Prince William County
The following actions were taken at the Dec. 2 meeting of the Prince William County School Board. For more information, call 791-7200.
SIX-YEAR PLAN -- Superintendent Edward L. Kelly presented the School Board with a three-volume, "Six-Year Plan" and an accompanying $225 million Capital Improvements Program for the county school system. He called the improvements ambitious, but not "unattainable."
Described as the most detailed long-range planning document ever produced by county school officials, the plan calls for the construction of 14 new schools to handle student population increases in the 1990s.
It also proposes longer school days next year, stiffer graduation requirements by 1992 and increased autonomy for school prinicipals.
The first phase of the plan is expected to come before the board for approval early next year. However, the board took initial steps to cut back Kelly's proposed construction program, trimming the $20 million request for next year to $8 million.
To accomodate an estimated increase of 1,300 students in each of the next six years, the capital improvement program calls for construction of 10 elementary schools, three middle schools and an eighth high school, all scheduled to open between 1991 and 1995. No new schools are currently under construction.
About 100 trailers are already in use at crowded schools in the county, where 39,000 students are enrolled.
Under the plan to upgrade county academic standards, stiffer graduation requirements would be phased in over the next five years. Students would need 22 units to graduate instead of 20. For an honors diploma, they would need 24 units instead of 22.
In addition, a seventh period would be added next fall to the current six-period high school day. The cost of hiring additional teachers to implement the expanded school day is estimated at $3.3 million annually.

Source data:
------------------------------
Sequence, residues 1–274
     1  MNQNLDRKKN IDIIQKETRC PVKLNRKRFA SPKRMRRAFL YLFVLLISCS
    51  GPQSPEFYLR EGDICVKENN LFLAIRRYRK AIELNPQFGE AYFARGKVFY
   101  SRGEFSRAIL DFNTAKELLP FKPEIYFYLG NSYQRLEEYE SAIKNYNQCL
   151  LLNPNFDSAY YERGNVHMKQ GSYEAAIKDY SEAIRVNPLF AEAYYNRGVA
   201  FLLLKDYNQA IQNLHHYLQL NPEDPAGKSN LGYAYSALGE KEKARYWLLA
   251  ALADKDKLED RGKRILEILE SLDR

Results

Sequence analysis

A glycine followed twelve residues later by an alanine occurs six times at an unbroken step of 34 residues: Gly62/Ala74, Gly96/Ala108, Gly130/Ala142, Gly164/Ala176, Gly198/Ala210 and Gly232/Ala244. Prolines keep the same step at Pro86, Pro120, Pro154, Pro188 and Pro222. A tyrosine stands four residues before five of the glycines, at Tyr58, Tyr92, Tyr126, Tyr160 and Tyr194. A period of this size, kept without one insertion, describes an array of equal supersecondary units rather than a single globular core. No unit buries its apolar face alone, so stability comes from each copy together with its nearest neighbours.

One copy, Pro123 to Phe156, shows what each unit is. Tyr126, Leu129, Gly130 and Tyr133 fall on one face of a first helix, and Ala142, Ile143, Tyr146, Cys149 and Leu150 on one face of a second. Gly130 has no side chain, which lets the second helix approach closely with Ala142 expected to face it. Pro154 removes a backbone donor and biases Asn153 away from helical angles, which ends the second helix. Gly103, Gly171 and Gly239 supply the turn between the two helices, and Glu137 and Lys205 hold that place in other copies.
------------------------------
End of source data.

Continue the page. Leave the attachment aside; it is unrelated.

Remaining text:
AIR CONDITIONING -- The board unanimously approved the installation of air conditioning and heating improvements at seven county elementary schools next year at a cost of $5 million. The funds would be requested from next spring's Virginia Public School Authority bond sale.
Originally an information item only, the resolution was changed to an action item at the request of several board members, who urged that the issue be resolved as soon as possible.
Air conditioning will be added to Brentsville, Coles, Nokesville, Sinclair Tyler, Woodbine and Yorkshire elementary schools and heating improvements will be made at Nokesville, Woodbine and Yorkshire.
AIDS EXPOSURE -- Acting in executive session, the board voted to allow a secondary school student exposed to the AIDS virus to return to school after medical experts determined that there were no basis for excluding the student from school. The student, whose identity is protected under state and federal laws, was asked to leave this fall under the school system's existing AIDS policy.
It is the first such case encountered by the county school system.
The decision was announced by Board Chairman Gerard P. Cleary, who told parents in the audience that the student was exposed to an AIDS virus but does not have AIDS, a fatal disease that breaks down the body's immune system.
"I would like to stress that according to most current medical information, there is no basis for excluding this student from school," Superintendent Edward L. Kelly wrote in a memo to the board.
The memo outlines steps being taken with the readmission of the student.
"I believe that the public and our employees have the right to know what steps are taken if students with the AIDS virus are readmitted to school," Kelly stated.
Some of the steps include a twice a year review of the student's case by a medical team and alerting the principal, teachers and guidance counselors in the student's school so they can take appropriate action in case of an emergency. The student's physical and educational activities will be limited in areas where the student would be vulnerable to injuries that could cause bleeding, the memo also noted.